We need commitment to a UK-leading green hydrogen economy ensuring any public funding for large infrastructure projects is focused on electrolysis, complemented by a large-scale vocational hydrogen training programme for workers in affected industries, such as gas engineers.
And we need to use the new regional Local Energy Hub – created to increase public sector capacity to bring forward local energy schemes – to prioritise community energy and public ownership.
R&D funding in the UK at around 1.7% of GDP is far below the OECD average of 2.4% and only a small portion was invested in public R&D for low carbon energy technology in 2018. In comparison, the EU has committed to ring-fencing at least 35% of its €120 billion 2021-2027 research and innovation funding programme, Horizon Europe, for climate-related activities.
Public R&D funding must be set at least the OECD average of 2.4% of GDP, with 50% of it ring-fenced for climate-related activities.
Support for small and medium-sized businesses
Despite the prevalence of major energy users in the North West, most workers are employed in small and medium-sized enterprises (SMEs) with 98% of the region’s businesses employing fewer than 50 staff. Support for SMEs is beneficial for the economy because smaller companies are far more likely to keep profit in the local community.
Since 2014, more than half of the £232 million of public money committed in the North West to support the shift towards a low carbon economy, including for SMEs has come from the EU.
We need to rapidly ramp up publicly-funded advice and support for SMEs so that it can reach tens of thousands of businesses across each region.
Zero waste and the circular economy
In Greater Manchester alone, the ‘low carbon business’ sector – which includes renewables, energy efficiency, alternative fuels and vehicles, building technologies, water and wastewater treatment, and recycling and waste management – grew by a quarter between 2012 and 2016, and now employs over 45,000 people. Similar growth is being recorded in the Liverpool City Region, where the sector employs around 22,000 people.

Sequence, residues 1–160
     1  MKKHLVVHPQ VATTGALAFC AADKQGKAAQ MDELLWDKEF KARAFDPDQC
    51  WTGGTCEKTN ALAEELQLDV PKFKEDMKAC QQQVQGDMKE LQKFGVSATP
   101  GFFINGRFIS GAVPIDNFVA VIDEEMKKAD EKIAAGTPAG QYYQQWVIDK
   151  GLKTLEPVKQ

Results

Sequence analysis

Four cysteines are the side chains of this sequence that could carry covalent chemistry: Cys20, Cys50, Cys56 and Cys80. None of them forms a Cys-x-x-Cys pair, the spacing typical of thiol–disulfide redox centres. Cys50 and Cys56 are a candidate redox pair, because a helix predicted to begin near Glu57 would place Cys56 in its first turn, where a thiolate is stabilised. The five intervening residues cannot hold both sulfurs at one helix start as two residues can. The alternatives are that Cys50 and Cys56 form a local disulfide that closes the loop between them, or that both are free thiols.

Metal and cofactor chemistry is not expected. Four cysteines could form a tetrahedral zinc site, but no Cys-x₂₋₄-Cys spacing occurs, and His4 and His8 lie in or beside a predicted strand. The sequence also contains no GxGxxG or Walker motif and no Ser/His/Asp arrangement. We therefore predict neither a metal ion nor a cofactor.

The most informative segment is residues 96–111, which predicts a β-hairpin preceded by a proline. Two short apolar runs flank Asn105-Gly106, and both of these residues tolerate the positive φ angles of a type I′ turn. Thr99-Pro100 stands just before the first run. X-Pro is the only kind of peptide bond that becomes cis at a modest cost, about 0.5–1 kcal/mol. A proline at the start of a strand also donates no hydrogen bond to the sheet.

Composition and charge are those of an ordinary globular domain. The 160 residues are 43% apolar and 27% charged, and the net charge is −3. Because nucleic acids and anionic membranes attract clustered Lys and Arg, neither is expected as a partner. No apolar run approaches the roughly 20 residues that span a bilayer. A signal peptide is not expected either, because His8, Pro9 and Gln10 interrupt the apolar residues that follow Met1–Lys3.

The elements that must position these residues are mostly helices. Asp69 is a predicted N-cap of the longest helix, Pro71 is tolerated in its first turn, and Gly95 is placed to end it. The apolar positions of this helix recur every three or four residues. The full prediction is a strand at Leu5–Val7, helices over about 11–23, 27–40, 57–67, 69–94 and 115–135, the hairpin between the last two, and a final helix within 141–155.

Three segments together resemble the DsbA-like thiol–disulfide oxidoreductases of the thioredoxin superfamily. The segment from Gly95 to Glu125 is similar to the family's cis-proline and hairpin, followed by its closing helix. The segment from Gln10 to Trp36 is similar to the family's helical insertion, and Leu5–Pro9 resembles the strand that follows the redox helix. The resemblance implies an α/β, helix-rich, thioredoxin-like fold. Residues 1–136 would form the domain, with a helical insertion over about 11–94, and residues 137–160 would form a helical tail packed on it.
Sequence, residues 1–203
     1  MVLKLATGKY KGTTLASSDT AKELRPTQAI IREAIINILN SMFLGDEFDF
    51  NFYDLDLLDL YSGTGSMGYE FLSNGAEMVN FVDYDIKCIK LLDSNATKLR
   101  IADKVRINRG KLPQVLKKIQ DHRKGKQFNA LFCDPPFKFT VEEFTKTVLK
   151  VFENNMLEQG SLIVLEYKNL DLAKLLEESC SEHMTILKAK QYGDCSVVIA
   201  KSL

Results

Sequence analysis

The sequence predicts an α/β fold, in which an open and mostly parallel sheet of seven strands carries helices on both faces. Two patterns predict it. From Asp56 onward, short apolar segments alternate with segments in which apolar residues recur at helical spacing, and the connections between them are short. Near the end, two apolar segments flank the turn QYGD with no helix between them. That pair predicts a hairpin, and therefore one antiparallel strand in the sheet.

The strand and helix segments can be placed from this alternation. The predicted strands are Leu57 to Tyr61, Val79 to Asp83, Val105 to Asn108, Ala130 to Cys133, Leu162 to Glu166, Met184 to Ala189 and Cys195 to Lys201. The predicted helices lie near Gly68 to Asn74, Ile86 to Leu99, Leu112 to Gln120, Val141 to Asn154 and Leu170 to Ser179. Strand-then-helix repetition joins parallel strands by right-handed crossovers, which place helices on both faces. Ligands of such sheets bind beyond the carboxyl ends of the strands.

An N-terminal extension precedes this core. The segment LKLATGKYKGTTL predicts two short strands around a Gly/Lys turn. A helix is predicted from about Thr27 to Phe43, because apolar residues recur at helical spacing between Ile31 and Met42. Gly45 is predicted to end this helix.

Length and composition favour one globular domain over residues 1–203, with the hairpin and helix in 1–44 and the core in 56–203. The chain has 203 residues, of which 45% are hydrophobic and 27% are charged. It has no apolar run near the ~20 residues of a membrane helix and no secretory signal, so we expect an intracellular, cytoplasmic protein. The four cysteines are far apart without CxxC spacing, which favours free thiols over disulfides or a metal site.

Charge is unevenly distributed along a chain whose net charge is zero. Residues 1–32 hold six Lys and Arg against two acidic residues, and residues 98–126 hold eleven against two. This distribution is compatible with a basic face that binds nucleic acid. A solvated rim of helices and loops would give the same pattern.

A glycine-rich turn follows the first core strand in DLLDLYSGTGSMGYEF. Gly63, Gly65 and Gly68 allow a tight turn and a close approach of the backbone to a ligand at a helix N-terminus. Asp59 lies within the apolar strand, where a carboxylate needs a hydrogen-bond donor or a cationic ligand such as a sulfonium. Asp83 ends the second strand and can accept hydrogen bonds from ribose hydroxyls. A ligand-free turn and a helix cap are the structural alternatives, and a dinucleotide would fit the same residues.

Companies which can demonstrate both reduced environmental impact and worker engagement and inclusion must be rewarded.
A greener, fairer economy requires more democratic forms of company ownership.
Giving workers more input into the decisions that affect them is a key part of a just and fair transition. Co-operatives, community enterprises and employee-owned businesses are growing steadily in the UK as awareness increases of the societal damage that pursuing profit above all else can cause.
The Green New Deal is on the agenda in Westminster with Caroline Lucas recently launching together with Labour’s Clive Lewis a Decarbonisation and Economic Strategy Bill. The European Green Deal is being promoted by the new President of the Commission in the EU. Our report explores how the ground work has been laid in the North West – its just needs political will and funding to scale it up and roll it out.
Gina Dowding is an MEP for the North West of England and the Green Party of England and Wales’ industry spokesperson.
With the UK now set for a General Election on December 12, Bright Green is publishing a series of articles from progressive party spokespeople on how their policies would transform the country. This article is part of that series – all articles can be found here.